The Cambridge Rock Festival is a great little festival specialising in blues, classic rock and progressive rock. It’s always had a reputation as a friendly intimate event, and with all three stages under cover the music takes place in the dry even if the great British summer does its worst. Though it missed a year in 2015, it was back in 2016 for its twelfth event, held again at its usual site at Haggis Farm Polo Club just outside Cambridge. And it promised a strong bill, with a good balance of regular favourites and intriguing-sounding new names. Continue reading

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Rebecca Downes – The 100 Club

Singer-songwriter Rebecca Downes came to London’s legendary 100 Club on a Tuesday night for the launch of her excellent second album “Believe”. Despite it being a school night still drew an appreciably-sized crowd., and you could tell this was going to be a blues gig by the number of Nord Electro keyboards on the stage. Blues-rockers love these distinctive red instruments, and there were no fewer that three of them at the beginning of the evening. Only one belonged to Rebecca Downes’ band; the other two were for the two support bands.

The first of those supports, Bruce Lok, had an interesting sound. On the slower numbers his voice had something of the late Ian Curtis, not what you normally expect from a blues band. There were moments that suggested what Joy Division might have sounded like had they played lounge jazz rather than post-punk, though he sang in more of a rock style on the up-tempo numbers. It did leave the impression of an artist who undoubtedly has some talent, but has yet to find a musical identity.

The second support, Greg Coulson, was far more old-school rock’n'roll musically, and had a sense of showmanship the first act lacked. Greg doubled up on keys and guitar, alternatively working up a blur of notes on that Nord Electro, sometimes playing it with his knee, or swapping solos with the band’s other guitarist. All high-energy and huggely entertaining, it set things up nicely for the headliner.

Launching into the blues-rock boogie of album opener “Never Gonna Learn”, Rebecca Downes proved to be as dynamic a live performer as she is an excellent singer on record, and her tight band proved an superb foil, going from hard rock to soul to funk. The set included most but not quite all of the new album interspersed with highlights from her début, plus a cover of Janis Joplin’s “Piece of my Heart”. Everything from the new album came across powerfully live’ these were songs built to be performed on stage. “Night Train” was an early highlight, featuring some delightful Ray Manzerek style electric piano and an appropriately locomotive-like rhythm.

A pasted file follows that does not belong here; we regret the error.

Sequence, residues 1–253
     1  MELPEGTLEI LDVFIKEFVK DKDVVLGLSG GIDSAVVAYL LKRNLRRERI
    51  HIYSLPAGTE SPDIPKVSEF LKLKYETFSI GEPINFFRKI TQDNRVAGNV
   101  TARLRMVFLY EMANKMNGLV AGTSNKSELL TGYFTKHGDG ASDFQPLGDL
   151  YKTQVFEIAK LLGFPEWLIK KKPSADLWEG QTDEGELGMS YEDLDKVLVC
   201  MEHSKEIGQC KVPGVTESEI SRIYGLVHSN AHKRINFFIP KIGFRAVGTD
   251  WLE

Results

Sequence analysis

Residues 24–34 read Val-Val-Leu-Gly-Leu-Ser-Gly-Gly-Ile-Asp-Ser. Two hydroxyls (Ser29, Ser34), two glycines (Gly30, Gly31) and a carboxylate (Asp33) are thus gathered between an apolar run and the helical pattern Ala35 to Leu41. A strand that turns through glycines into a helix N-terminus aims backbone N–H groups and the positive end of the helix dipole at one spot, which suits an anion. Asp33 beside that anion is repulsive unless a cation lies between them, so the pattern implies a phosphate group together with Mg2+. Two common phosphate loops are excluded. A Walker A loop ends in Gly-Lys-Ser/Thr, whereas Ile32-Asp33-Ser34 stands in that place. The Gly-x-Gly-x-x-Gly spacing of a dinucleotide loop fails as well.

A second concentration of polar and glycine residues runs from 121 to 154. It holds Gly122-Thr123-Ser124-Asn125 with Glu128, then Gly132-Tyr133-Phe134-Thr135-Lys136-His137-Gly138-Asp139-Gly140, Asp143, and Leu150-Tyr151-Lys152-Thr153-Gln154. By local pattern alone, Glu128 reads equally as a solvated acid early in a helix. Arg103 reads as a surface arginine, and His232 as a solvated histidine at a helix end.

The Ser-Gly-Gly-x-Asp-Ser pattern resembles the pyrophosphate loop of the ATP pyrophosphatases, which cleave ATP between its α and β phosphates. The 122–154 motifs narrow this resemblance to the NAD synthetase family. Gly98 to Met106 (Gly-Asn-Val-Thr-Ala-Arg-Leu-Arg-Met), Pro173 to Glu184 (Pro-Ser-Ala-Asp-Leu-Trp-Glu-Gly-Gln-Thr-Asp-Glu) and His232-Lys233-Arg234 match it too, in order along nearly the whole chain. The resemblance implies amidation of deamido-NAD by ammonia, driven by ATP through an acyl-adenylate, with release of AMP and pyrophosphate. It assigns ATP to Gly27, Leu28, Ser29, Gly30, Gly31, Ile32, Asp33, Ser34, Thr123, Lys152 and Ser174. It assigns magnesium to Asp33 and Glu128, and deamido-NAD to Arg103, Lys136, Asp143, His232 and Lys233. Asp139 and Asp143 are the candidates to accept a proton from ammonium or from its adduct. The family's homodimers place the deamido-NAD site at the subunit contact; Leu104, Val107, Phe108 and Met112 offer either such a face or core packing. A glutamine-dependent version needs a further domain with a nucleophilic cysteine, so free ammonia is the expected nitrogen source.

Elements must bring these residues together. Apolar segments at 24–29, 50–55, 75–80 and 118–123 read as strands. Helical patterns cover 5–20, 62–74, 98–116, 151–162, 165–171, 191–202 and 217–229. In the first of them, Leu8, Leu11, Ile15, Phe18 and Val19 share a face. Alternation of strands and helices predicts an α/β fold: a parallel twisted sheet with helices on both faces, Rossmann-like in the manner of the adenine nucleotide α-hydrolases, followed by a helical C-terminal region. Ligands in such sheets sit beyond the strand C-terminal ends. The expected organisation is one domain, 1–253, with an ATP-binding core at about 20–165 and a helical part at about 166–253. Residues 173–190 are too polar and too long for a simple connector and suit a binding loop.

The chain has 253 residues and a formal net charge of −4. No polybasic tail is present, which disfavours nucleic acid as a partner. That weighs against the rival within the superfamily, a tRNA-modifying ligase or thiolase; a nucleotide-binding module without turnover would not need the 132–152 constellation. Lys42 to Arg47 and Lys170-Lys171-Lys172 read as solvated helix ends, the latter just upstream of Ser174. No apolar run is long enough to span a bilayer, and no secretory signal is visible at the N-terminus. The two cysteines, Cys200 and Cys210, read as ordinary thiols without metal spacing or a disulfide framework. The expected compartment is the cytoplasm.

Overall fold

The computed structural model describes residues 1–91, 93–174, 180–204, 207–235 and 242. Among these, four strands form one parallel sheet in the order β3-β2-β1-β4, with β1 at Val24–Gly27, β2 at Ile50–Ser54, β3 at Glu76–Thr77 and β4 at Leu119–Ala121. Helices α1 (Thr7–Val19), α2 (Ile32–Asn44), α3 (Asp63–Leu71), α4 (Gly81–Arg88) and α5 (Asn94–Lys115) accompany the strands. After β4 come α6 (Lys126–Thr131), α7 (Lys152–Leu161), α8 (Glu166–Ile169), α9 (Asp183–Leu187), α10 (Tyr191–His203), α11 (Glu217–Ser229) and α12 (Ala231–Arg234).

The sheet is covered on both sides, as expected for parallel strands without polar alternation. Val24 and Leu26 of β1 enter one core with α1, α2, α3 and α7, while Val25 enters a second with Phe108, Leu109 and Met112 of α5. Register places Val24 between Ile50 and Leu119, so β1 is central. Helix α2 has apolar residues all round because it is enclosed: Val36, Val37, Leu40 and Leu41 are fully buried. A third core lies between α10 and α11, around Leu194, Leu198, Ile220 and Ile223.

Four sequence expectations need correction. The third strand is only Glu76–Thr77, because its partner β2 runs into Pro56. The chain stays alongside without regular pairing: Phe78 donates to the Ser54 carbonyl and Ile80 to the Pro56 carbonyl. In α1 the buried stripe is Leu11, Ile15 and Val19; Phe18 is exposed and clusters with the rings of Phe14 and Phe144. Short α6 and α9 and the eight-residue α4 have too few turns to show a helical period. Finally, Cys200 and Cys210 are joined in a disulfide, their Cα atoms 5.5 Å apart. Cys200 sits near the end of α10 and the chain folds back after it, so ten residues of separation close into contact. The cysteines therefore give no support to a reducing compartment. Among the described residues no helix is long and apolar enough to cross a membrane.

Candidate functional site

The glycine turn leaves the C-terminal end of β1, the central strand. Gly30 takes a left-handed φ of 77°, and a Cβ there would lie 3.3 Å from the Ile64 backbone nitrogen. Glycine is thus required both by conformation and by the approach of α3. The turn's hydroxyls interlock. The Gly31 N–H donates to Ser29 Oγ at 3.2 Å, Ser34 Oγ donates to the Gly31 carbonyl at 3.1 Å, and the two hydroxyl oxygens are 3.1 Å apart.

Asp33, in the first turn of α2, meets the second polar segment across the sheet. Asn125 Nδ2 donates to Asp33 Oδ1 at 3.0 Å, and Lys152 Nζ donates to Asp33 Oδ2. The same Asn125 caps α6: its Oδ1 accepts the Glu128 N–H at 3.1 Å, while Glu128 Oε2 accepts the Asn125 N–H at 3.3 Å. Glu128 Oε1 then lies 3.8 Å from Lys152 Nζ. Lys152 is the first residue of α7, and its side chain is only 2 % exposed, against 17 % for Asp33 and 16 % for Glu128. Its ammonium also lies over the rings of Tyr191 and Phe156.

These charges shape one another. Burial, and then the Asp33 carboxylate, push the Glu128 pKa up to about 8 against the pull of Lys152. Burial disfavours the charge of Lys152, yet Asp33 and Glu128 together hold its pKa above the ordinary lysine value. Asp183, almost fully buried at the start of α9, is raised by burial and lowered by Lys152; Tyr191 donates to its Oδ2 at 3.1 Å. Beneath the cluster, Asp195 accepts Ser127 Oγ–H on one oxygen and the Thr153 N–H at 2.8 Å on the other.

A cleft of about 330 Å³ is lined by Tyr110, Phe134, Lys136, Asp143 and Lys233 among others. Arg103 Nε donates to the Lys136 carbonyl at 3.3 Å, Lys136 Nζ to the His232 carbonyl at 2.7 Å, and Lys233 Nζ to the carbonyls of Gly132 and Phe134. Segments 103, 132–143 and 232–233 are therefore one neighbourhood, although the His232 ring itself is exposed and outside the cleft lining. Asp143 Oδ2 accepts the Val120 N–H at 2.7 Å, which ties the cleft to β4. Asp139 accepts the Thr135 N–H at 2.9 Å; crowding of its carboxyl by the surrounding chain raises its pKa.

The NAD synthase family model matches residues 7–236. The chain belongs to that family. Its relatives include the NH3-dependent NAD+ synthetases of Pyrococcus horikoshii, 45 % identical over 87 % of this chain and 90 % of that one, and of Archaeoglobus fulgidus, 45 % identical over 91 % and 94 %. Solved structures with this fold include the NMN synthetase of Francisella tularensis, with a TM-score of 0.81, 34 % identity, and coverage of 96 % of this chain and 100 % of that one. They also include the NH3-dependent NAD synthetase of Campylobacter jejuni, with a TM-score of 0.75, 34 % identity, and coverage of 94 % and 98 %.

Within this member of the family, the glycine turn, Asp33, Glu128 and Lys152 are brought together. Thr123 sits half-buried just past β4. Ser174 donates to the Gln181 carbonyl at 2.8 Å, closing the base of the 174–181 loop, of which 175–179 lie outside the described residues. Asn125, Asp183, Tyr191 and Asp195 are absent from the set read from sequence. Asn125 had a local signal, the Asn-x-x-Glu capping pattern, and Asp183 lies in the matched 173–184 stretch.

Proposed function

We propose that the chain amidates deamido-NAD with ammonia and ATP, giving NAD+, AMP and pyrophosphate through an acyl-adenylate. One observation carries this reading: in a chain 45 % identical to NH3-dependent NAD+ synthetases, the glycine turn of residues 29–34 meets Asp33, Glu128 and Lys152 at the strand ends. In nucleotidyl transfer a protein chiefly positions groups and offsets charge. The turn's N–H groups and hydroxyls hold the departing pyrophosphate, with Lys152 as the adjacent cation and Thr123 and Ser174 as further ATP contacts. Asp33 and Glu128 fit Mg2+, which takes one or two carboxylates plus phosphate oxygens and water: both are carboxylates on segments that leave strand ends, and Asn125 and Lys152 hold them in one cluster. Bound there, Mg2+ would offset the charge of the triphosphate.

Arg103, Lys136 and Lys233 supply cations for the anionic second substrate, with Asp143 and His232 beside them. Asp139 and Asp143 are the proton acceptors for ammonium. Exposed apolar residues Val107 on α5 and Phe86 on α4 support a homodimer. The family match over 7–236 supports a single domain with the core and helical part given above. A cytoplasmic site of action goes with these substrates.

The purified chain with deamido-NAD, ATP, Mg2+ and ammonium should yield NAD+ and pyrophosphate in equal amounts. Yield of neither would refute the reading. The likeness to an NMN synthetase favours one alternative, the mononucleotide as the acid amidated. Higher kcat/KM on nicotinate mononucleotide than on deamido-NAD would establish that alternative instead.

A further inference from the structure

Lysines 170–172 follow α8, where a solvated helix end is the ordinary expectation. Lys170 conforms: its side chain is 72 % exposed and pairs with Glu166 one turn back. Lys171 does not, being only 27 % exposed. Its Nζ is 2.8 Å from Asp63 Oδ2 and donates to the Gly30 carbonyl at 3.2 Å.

For much of the set the band played as a five piece with Steve Birkett handling all the guitar parts, but for the last couple of songs Rick Sandford joined them for a spectacular guitar-shredding “Sailing on a Pool of Tears” and the hard-rocking finale of the album’s title track. Unfortunately the strict curfew meant there was no time for an encore.

Rebecca Downes’s music exemplifies the old adage that your favourite genre didn’t just stop as soon as popular fashion moved on. She plays the blues in the style of the classic rock era of the sixties and seventies, and makes few concessions to contemporary musical fashion. But as this gig showed she’s very good at what she does. She will be on tour across much of Britain over the course of the year, playing a number of festivals including the Cambridge Rock Festival in August.

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Rebecca Downes – Believe

Bebecca Downes BelieveAlong with the likes of Chantel McGregor and Jodie Marie, Rebecca Downes is a female blues-rock artist revitalising a traditional form for the 21st century, in her case turning down offers from X-Factor producers because she’d rather make real music of her own than someone else’s formulaic product.

Her second album “Believe” shows she means business, and demonstrates a vocal talent that would indeed have been wasted on sausage-factory pop. With a tight six-piece band including co-writer Steve Birkett on rhythm and slide guitars and Rik Sandford on lead guitar, she plays the blues through a prism of classic rock with nods to soul and funk. Rebecca has a great voice, with range and power as well as emotional depth, equally at home with soulful ballads as belting out hard rockers.

What impresses is not only the strength of the material but the variety; this is not one of those albums where nearly every song is a variation on the same basic template. Highlights include the impassioned funk-rock of “Night Train”, the guitar-shredding ballad “Sailing on a Pool of Tears” and the seductive smoky jazz of “Could Not Say No”. Just occasionally the quality dips, with the middle-of-the-road “Come With Me Baby” and one or two rather ordinary boogie numbers on the second half of the record, but the album ends in rousing form with the hard rock workout of the title track.

In some respects this is an old-fashioned record with little or no concession towards the contemporary commercial mainstream. But a record this good deserves to be heard well beyond niche audiences of ageing classic rock and blues fans. The performance and production manages to combine a rich and sophisticated sound with a crackling energy, which leaves the impression the music is built to be performed live.

The album is released on March 4th, with a pre-released launch party at the 100 Club in London on February 23rd.